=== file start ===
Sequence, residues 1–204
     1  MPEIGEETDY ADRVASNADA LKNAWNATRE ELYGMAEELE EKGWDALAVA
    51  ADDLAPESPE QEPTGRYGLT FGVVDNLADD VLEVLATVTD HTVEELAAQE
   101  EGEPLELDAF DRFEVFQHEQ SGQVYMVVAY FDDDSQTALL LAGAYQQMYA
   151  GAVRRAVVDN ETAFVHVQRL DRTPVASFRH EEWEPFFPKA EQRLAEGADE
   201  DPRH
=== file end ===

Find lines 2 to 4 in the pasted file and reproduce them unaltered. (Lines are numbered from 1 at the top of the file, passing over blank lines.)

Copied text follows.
     1  MPEIGEETDY ADRVASNADA LKNAWNATRE ELYGMAEELE EKGWDALAVA
    51  ADDLAPESPE QEPTGRYGLT FGVVDNLADD VLEVLATVTD HTVEELAAQE
   101  EGEPLELDAF DRFEVFQHEQ SGQVYMVVAY FDDDSQTALL LAGAYQQMYA